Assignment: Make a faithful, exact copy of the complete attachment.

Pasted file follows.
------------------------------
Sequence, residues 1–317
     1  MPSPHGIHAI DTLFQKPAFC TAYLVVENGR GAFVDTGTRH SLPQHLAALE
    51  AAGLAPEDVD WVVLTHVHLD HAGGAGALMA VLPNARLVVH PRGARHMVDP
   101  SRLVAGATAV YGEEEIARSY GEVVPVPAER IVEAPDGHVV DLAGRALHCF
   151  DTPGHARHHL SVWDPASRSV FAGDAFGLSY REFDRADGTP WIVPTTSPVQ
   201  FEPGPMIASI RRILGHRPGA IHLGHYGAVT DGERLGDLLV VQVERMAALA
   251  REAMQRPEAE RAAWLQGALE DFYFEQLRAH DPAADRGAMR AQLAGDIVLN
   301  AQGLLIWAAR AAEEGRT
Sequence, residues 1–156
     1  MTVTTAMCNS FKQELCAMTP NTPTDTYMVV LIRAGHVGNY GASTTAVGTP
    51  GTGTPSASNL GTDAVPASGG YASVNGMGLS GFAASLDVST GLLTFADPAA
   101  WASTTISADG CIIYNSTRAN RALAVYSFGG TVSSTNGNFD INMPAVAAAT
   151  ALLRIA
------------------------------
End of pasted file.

Sequence, residues 1–317
     1  MPSPHGIHAI DTLFQKPAFC TAYLVVENGR GAFVDTGTRH SLPQHLAALE
    51  AAGLAPEDVD WVVLTHVHLD HAGGAGALMA VLPNARLVVH PRGARHMVDP
   101  SRLVAGATAV YGEEEIARSY GEVVPVPAER IVEAPDGHVV DLAGRALHCF
   151  DTPGHARHHL SVWDPASRSV FAGDAFGLSY REFDRADGTP WIVPTTSPVQ
   201  FEPGPMIASI RRILGHRPGA IHLGHYGAVT DGERLGDLLV VQVERMAALA
   251  REAMQRPEAE RAAWLQGALE DFYFEQLRAH DPAADRGAMR AQLAGDIVLN
   301  AQGLLIWAAR AAEEGRT
Sequence, residues 1–156
     1  MTVTTAMCNS FKQELCAMTP NTPTDTYMVV LIRAGHVGNY GASTTAVGTP
    51  GTGTPSASNL GTDAVPASGG YASVNGMGLS GFAASLDVST GLLTFADPAA
   101  WASTTISADG CIIYNSTRAN RALAVYSFGG TVSSTNGNFD INMPAVAAAT
   151  ALLRIA